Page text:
Indeed in 1996, the US federal government decided that the health benefits of folic acid were very clear–and yet too many Americans were not getting enough from their diets. The response? The Food and Drug Administration (FDA) published regulations requiring the addition of folic acid to enriched breads, cereals, flours, corn meals, pastas, rice, and other grain products–where you’ll find it today (check nutritional labels).

For more information on whether you’re getting enough folate in your diet, and who should consider supplementing, see the Office of Dietary Supplement fact sheet on FOLATE:

http://www.ods.od.nih.gov/factsheets/folate.asp

Fatigue, sleep disturbances, low energy, depression: dietary supplements may help address special health concerns for people with HIV

As we were mulling over the recent New York Times piece on the billions of dollars Americans spend each year on sleep aids that are only mildly effective (see today’s other post under “Melatonin”), we thought we’d reprint this article from the NYBC newsletter THE SUPPLEMENT, which appeared earlier this year.  It deals with the constellation of health concerns, from fatigue to depression, that often affect people with HIV, and gives an overview of some of the dietary supplements that have been used to address these issues.

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Sleeping poorly? Energy low? Feeling down?

Dietary supplements may have something to offer

Sleep disturbances are the third most common complaint among people with HIV seeking medical attention. Everybody knows what it’s like to sleep poorly, then feel cranky and fatigued the next day. But persistent insomnia, followed by chronic fatigue, can become major medical issues for people with HIV (we’re talking about lower CD4 counts and poor medication adherence), so it’s worth reviewing options for dealing with these problems.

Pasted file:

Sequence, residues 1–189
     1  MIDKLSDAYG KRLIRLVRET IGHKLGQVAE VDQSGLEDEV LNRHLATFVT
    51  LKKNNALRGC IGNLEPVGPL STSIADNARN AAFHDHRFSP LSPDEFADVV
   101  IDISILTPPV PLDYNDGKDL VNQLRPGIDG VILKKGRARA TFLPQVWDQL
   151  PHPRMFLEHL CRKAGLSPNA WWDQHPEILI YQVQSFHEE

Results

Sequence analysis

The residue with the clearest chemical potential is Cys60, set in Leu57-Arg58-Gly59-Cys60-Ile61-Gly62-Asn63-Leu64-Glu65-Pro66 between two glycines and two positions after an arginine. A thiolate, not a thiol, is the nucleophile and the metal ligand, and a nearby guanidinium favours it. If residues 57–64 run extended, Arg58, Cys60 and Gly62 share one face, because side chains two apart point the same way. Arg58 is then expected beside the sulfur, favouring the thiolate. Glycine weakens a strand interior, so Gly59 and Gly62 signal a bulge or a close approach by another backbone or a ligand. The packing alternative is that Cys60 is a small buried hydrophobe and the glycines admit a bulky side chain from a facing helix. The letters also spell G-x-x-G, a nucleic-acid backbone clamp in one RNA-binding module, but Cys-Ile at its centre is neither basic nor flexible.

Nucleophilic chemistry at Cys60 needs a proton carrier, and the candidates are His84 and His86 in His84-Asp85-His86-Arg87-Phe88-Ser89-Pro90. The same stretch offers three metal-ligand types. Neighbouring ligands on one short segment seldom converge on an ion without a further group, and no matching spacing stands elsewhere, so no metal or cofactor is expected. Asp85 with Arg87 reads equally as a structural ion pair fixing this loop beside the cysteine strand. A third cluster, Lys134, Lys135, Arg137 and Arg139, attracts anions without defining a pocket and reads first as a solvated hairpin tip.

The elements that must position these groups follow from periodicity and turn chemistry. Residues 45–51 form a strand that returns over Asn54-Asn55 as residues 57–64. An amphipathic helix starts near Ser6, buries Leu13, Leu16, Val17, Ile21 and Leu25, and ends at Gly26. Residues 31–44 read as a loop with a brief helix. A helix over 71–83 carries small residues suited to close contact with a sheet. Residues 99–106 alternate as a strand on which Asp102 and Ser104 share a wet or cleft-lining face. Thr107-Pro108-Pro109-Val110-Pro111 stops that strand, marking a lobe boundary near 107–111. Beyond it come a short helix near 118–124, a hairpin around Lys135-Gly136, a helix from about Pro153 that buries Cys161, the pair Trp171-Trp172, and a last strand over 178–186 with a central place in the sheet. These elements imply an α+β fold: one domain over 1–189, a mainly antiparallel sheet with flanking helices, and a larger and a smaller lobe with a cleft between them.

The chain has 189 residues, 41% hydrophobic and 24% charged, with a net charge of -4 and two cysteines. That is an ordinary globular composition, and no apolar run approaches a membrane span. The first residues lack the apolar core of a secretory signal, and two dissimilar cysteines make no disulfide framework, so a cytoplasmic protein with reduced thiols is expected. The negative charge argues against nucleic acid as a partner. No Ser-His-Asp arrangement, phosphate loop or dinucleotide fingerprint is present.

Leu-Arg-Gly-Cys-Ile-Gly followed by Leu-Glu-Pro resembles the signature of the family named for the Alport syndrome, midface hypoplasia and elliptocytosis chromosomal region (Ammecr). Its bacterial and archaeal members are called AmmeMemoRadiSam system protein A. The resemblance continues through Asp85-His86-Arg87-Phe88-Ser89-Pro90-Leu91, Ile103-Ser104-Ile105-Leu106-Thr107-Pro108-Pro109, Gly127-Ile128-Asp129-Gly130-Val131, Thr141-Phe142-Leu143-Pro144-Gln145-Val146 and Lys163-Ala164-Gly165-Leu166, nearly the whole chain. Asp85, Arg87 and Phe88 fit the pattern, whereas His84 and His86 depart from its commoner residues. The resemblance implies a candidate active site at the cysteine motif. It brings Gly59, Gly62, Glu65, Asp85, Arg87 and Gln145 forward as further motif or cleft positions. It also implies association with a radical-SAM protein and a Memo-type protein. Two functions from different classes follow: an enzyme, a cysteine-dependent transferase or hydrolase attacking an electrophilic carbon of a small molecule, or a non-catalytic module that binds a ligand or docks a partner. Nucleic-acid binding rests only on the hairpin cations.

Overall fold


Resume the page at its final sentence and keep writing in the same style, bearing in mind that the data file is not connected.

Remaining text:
A 2005 research presentation suggested that melatonin supplements can improve sleep patterns in people with HIV. Melatonin, a hormone secreted by the pineal gland, has long been studied as a sleep regulator—levels increase in response to darkness, then fall during daytime. It’s also been investigated as an anti-cancer agent, where it has shown the capacity to combat solid tumors. (But melatonin should not be taken by people with cancers affecting immune cells, such as lymphoma or leukemia.)

Good news: a recent trial indicates that low-dose melatonin (0.5 to 1.0 mg) may be perfectly effective as a sleep promoter, making it a very inexpensive option for this purpose.

Fatigue can stem from other causes besides sleep disturbances. Anemia, a shortage of red blood cells, is another leading cause of fatigue among people with HIV, and is especially common among women. (A recent large study found that about 30% of people on HAART had moderate anemia. Women had an 80% greater risk of being anemic than men, and African-Americans had a risk of anemia 2.6 times higher than whites.) It’s important to learn the source of anemia in people with HIV (taking Retrovir, AZT, is a drug-related factor). Treatment options include increasing intake of iron, vitamin B12 and folic acid. Note that NYBC stocks multivitamins with iron for those concerned about their intake of this mineral. You’ll also find folic acid and B12 in our multis, and may want to consider adding a separate vitamin B supplement as well.

While for some people with HIV treating anemia can be a key to helping them overcome fatigue and its frequent companion depression, there are other cases where low energy is not connected to low red blood cell levels, and where the treatment options are therefore different. Particularly in HIV+ men, steroid hormones (testosterone and DHEA) have proven to be useful in combating the fatigue-depression combination. Recent federally-funded research on DHEA showed it to be an effective anti-depressant, with the added interesting feature that it can enhance sex drive (rather than undermining it, as do certain common prescription anti-depressants).  And a Columbia University study of DHEA for fatigue and depression in people with HIV has found it to be a successful treatment for some, with the added bonus that, unlike some prescription energy boosters, it doesn’t carry the risk of addiction.